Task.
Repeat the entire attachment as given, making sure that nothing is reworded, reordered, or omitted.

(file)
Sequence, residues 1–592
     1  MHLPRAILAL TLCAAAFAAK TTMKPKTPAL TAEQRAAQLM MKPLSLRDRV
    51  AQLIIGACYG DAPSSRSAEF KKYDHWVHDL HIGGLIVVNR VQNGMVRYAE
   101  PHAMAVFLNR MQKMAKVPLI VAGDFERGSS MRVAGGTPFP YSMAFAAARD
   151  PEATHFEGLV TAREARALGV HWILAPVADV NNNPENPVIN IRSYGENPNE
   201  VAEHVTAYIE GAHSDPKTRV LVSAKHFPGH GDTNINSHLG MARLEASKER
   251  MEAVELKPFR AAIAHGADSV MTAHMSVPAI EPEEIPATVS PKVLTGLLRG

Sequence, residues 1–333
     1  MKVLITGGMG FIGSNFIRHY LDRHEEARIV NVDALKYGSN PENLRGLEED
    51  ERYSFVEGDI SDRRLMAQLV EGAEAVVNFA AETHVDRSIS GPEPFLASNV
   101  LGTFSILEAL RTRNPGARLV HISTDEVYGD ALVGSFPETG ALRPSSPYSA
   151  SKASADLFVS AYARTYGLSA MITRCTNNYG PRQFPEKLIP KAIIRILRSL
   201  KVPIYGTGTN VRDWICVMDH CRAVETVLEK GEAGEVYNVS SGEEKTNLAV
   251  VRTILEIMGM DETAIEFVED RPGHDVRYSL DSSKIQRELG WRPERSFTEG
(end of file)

Sequence, residues 1–592
     1  MHLPRAILAL TLCAAAFAAK TTMKPKTPAL TAEQRAAQLM MKPLSLRDRV
    51  AQLIIGACYG DAPSSRSAEF KKYDHWVHDL HIGGLIVVNR VQNGMVRYAE
   101  PHAMAVFLNR MQKMAKVPLI VAGDFERGSS MRVAGGTPFP YSMAFAAARD
   151  PEATHFEGLV TAREARALGV HWILAPVADV NNNPENPVIN IRSYGENPNE
   201  VAEHVTAYIE GAHSDPKTRV LVSAKHFPGH GDTNINSHLG MARLEASKER
   251  MEAVELKPFR AAIAHGADSV MTAHMSVPAI EPEEIPATVS PKVLTGLLRG

Sequence, residues 1–333
     1  MKVLITGGMG FIGSNFIRHY LDRHEEARIV NVDALKYGSN PENLRGLEED
    51  ERYSFVEGDI SDRRLMAQLV EGAEAVVNFA AETHVDRSIS GPEPFLASNV
   101  LGTFSILEAL RTRNPGARLV HISTDEVYGD ALVGSFPETG ALRPSSPYSA
   151  SKASADLFVS AYARTYGLSA MITRCTNNYG PRQFPEKLIP KAIIRILRSL
   201  KVPIYGTGTN VRDWICVMDH CRAVETVLEK GEAGEVYNVS SGEEKTNLAV
   251  VRTILEIMGM DETAIEFVED RPGHDVRYSL DSSKIQRELG WRPERSFTEG